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Monday, July 8, 2013

Five Things I Think, July 8



1) I think the garden is faring far better this year.  I know the Southwest is hurting, but the Midwest has been enjoying enough rain to really support the crops.  Last year’s drought made our garden an anemic exercise in futility, whereas this season we’ve been dragging zucchini the size of your head out of this bad boy. 

It’s kind of awesome to dice up Squashzilla, throw it in the grill basket with some Roasted Peach Whiskey Sauce and some onion, and enjoy the fruits…well, the veggies of our labor.

2) I think it’s a good day.  For many reasons do I think this, not least of which is that today, Little Danger turns 3.  It’s amazing to think that 3 years have gone by so quickly, and that we will now have known him for longer than we looked for him.  


It was a long road, but it was more than worth it.  I do not get tired of people telling me I have a cool kid.  I do not get tired of his ability to charm, to make friends, to share, and to care.  I hope he doesn’t, either.

3) I think one of my favorite things to watch Little Danger do is dance.  He abandons all pretense at civilization, and jumps, runs, wiggles, and even rolls around on the ground in his appreciation of both music and attention.  

We went to a local club to watch a friend throw down some good oldies tunes with his band, and Little Danger ate it up.  He owned the dance floor like a lobbyist owns a Senator. 

At one point, he just lay down and logrolled across the floor, and repeated the action when the onlookers giggled.  His wild gyrations inspired the sound guy to come join him, both of them logrolling in a toddler-inspired joie de vivre that left a wide smile on my face for the night. 

4) I think I’m tired of working too hard for my fun.  I’ve been running a project for almost 10 years now that is like a second full time job at times.  Whereas it’s been fun and rewarding, I’m ready to pass the torch to someone who has the fire to keep it going.  I have a new career to focus on, licensures to gain, and a book of business to build, and this requires a tighter beam of attention than I’ve had for quite some time. 
As an example, I opened my email to more than a dozen requests that add up to an aggregate 6 or so hours of work, all preparing for a weekend long event.  Sadly, the simple math is that those who need the most are getting the least, as I triage the hours of effort into more important endeavours.  I’m letting people down, but in the thing that only pays me in fun.  It’s a strange dichotomy of “right choice” versus “feels like failure” that never sits right with me.  

I’m really not sure how this one gets fixed, and it’s giving me some stress.  But on the bright side, it’s totally a fucking first world problem.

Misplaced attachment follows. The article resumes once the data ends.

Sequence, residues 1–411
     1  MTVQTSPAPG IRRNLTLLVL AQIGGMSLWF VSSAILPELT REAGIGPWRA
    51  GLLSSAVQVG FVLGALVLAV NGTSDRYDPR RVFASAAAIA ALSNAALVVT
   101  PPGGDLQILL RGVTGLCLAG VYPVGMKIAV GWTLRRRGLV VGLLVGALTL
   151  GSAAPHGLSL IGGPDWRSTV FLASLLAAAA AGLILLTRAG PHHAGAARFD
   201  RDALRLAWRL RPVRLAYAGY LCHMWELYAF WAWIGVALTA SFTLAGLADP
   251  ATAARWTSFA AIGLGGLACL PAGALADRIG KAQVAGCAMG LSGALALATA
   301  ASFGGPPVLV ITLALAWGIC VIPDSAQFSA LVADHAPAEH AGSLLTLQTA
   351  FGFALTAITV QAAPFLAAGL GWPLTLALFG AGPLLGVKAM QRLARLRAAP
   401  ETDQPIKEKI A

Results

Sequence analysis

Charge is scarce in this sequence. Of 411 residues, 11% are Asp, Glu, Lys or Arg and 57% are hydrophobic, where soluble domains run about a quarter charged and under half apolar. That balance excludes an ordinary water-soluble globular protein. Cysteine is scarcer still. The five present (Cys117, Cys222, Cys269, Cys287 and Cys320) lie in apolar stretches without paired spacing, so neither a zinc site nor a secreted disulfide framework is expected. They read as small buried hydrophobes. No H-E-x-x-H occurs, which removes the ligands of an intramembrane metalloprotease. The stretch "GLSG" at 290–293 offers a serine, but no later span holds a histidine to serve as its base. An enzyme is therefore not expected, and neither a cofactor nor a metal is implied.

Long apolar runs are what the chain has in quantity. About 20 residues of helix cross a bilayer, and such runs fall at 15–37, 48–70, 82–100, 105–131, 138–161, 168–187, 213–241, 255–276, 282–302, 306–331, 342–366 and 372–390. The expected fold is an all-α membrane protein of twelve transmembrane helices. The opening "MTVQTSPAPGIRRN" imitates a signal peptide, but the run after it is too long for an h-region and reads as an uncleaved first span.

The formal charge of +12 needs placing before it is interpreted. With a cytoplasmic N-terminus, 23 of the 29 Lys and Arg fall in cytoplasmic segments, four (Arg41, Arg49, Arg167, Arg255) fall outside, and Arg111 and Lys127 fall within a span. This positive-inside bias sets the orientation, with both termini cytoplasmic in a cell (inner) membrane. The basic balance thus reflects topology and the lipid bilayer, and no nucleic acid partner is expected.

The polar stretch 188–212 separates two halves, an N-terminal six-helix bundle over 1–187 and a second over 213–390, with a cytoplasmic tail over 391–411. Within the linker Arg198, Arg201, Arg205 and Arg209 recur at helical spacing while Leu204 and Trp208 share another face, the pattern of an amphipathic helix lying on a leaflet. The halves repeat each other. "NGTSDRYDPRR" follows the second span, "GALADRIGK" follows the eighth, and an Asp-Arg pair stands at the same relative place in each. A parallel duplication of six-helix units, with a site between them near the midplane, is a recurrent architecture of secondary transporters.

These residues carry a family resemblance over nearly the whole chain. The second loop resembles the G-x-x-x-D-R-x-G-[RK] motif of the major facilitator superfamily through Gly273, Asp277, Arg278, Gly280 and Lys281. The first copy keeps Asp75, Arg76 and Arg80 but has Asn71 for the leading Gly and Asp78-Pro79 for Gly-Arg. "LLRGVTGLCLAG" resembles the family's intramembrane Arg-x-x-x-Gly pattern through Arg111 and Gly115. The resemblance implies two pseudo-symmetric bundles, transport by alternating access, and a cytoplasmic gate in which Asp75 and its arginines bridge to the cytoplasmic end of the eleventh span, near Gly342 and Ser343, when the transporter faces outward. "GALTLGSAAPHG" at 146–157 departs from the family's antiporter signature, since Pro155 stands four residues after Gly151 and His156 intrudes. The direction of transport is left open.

5)  I think it’s getting close to the time when public opinion crosses the tipping point on government overreach.  The liberties we’re losing are looking more and more like the days of McCarthy, a time when people went through the Red Scare and tiptoed everywhere in fear of the fucking commies.  

Now our boogeyman is the terrorist, and to this boogeyman we have sacrificed a great many things.  From the recent FISA court issues, to the NSA metadata overreach, to my favorite jackbooted thugs the TSA, we keep giving and giving more liberty for an illusion of safety.  When, I wonder, do we finally look up and say “Enough?”  Soon, I hope.  

Given that we have just celebrated Independence Day, a day that saw us throwing off the chains of unreasonable searches and overreaching government, this has been on my mind of late.   

So, gang...what do YOU think today?

2 comments:

  1. Hello Nurse BethJuly 9, 2013 at 2:21 AM

    I'm thinking happy birthday to Little Danger and lunch next week. :D

    ReplyDelete
  2. Number four resonates with me.

    When I put aside The Troupe, it felt very weird. It had been a labor of love for more than 10 years, and "paid me in fun" as you say. It did not pay the bills, and it was eating more of my energy than it was replenishing.

    And then The Troubles began and I had an excuse to drop it altogether. We went out with a bang; our final show was Much Ado About Nothing as part of the Shakespeare Festival. We performed it during a severe thunderstorm-turned-tornado-no-really.

    I still get people freaking out on me when I tell them I don't do that anymore.

    I still have things associated with that project that I'm still releasing, dismantling, and deciding about. We used to do the local Pagan Picnic every year, and this year was the first in a long time that I not only didn't have a booth or do any rituals/performances, but I didn't even attend.

    A close friend pointed out that I should only be doing stuff like that when I am moved to do so. She's right.

    If you walk away from your project, it is not failure. How could something that amazing be a failure? It's just that sometimes we have to put away our projects.

    You and I are alike in that we both get bewildered by endings. I quoted Peter Beagle all those years ago at you and we both live our lives according to "There are no happy endings, because nothing ever ends."

    Except that some things do end, and the endings can be good, and right, and healthy.

    ReplyDelete

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